The Space Architecture Failure Evaluation (SAFE) tool enables probabilistic risk assessment (PRA) of mission, vehicle, and crew risk for space transportation vehicles. A Technology Development Risk Assessment (TDRA) tool is currently being developed to estimate the risks associated with technology maturation projects.
NASA Ames Research Center has addressed the need for conceptual-level risk assessments of exploration systems by creating software tools in multiple areas and adding new risk assessment capabilities for the competitive portfolio selection process.
Software tools have been, or are being, developed at Ames Research Center to facilitate the inclusion of probabilistic risk assessments (PRA) early enough in the program lifecycle to impact the final outcome. The elements of the software focus on physical risk and technology development risk.
Caption: Figure 1. SAFE execution overview.
The Space Architecture Failure Evaluation (SAFE) tool is a PRA tool which addresses the physical risk of the space transportation system. SAFE performs Monte Carlo simulations of a system through its operational phases. The system is represented by its risk driving components and a schedule of the state of the system. These components, along with a failure database developed as part of the tool, (Figure 1) enable calculation of mean failure probabilities, uncertainty estimates, identification of the relative risk contribution of the systems, and generation of risk intensity plots. The results allow designers to quickly identify high-impact areas for re-design or possible mitigation. Because the architecture is represented by its risk drivers, it is possible to perform high-level trades before all of the design details are finalized, impacting the design early enough to make changes if needed.
SAFE has been used to compare the risk impact of engine technologies for the Space Launch Initiative (SLI) Program. It has also been applied to guide the high-fidelity simulations in the Computing, Information and Communications Technology (CICT) Abort Grand Challenge Project.
Figure 2 shows the results of a SLI engine technology risk assessment. First, the overall system risk was computed, then the primary risk drivers were decomposed far enough to enable differentiation of technology development efforts. The figure shows the relative risk reduction of six engine technologies. These results are then rolled back up to determine an overall system risk impact.
SAFE-R (reduced) is a desktop version of SAFE complete with a graphical user interface. SAFE-R performs mean risk calculations from a small set of user inputs. It is very useful for rapid, high-level trades.
The Technology Development Risk Assessment (TDRA) tool is currently being built to estimate the likelihood that a technology development project successfully meets its milestones. TDRA represents technology maturity using the Technology Readiness Level (TRL) scale. The probability that a technology will evolve up the TRL scale is calculated as a function of time and budget for each technology sector.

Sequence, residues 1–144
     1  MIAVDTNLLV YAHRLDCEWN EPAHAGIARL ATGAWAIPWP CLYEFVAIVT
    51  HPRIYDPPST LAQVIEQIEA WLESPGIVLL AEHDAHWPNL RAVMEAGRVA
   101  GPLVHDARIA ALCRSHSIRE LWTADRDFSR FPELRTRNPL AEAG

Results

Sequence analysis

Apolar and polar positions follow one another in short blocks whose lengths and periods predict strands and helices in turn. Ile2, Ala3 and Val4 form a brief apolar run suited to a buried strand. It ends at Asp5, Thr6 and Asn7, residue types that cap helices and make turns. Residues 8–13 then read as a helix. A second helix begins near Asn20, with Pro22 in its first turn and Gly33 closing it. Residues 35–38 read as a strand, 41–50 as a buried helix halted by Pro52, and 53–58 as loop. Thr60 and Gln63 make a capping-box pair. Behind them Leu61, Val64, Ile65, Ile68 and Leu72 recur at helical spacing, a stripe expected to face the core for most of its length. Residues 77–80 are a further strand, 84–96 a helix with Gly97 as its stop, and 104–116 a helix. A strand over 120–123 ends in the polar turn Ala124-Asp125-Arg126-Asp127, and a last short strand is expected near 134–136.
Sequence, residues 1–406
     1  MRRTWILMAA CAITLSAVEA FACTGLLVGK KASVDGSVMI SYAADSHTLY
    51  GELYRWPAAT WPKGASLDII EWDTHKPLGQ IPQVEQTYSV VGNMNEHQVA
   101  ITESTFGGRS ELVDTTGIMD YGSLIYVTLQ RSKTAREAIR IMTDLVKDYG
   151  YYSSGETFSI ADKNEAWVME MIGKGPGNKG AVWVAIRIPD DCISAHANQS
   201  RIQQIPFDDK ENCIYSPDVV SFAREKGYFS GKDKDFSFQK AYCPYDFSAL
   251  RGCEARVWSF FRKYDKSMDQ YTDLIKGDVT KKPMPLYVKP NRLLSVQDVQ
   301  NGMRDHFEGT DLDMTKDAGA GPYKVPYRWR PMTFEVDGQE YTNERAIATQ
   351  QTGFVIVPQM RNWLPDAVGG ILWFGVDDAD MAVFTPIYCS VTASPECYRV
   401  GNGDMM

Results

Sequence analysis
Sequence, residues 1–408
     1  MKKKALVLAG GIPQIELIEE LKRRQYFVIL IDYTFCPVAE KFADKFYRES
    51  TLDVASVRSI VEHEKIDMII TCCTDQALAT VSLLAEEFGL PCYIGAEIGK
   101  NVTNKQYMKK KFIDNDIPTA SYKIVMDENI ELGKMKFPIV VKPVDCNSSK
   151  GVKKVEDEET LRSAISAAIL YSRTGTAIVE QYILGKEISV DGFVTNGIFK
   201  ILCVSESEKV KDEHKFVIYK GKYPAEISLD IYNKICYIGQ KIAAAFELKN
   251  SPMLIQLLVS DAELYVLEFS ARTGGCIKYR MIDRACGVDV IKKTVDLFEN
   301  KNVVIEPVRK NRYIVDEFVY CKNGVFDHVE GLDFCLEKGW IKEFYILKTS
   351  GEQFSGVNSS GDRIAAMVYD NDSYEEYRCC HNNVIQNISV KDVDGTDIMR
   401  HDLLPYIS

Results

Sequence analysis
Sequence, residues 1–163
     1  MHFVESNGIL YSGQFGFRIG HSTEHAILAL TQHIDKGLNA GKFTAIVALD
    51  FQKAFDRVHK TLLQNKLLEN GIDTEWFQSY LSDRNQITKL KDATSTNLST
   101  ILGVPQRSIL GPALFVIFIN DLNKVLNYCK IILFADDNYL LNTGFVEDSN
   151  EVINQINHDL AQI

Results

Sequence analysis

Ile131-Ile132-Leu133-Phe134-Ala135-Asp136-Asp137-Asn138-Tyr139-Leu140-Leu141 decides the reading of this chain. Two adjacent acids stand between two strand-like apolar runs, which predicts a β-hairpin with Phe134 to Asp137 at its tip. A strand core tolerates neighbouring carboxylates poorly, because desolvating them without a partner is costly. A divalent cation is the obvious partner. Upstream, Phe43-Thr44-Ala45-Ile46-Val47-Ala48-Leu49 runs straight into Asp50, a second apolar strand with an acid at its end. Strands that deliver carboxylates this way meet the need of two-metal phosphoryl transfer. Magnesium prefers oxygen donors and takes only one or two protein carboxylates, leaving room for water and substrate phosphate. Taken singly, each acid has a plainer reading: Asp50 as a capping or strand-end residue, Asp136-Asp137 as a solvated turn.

Caption: SAFE sample results (left) and TDRA process overview (right).
The calculations are performed using a Markov-Chain Monte Carlo model. The model derives baseline TRL transition probabilities from heritage data of similar systems and supplemented by a formal expert opinion solicitation process. The baseline probabilities are modified to reflect funding levels, specific technical difficulties, and management philosophy. An overview of the TDRA process is shown in Figure 3.
The tool will be used to add a development risk metric to the overall assessment of a technology project. TDRA is currently under development.
Exploration systems will require the maturation or development of new technologies to achieve the mission requirements. The Human and Robotic Technology (H&RT) Theme is specifically tasked with focusing the technology investment to develop a balanced technology investment portfolio which maximizes the return on investment.
Historically, the determination of a technology development portfolio was driven by technologies which promised increased performance of a system. Recently, risk has been added to the metrics which determine the overall value of a technology to a program.
Risk has several aspects relating to technology development. First, there is the physical risk which is manifested as a lost mission, vehicle, or crew. The consideration of an increase or reduction of the physical risk is of paramount importance to a successful development effort. Also, the technology development risk is important to determine the feasibility of the promised performance benefits. This metric measures the probability of a technology successfully maturing toward an operational state as a function of time. This relatively new quantitative metric is useful when selecting a technology suite in which to invest.
Teams at NASA Ames Research Center have been addressing the need to include both of these elements of risk analysis early in the system lifecycle. Software tools have been built to predict physical risk and are in the works to estimate the development risk of a technology project.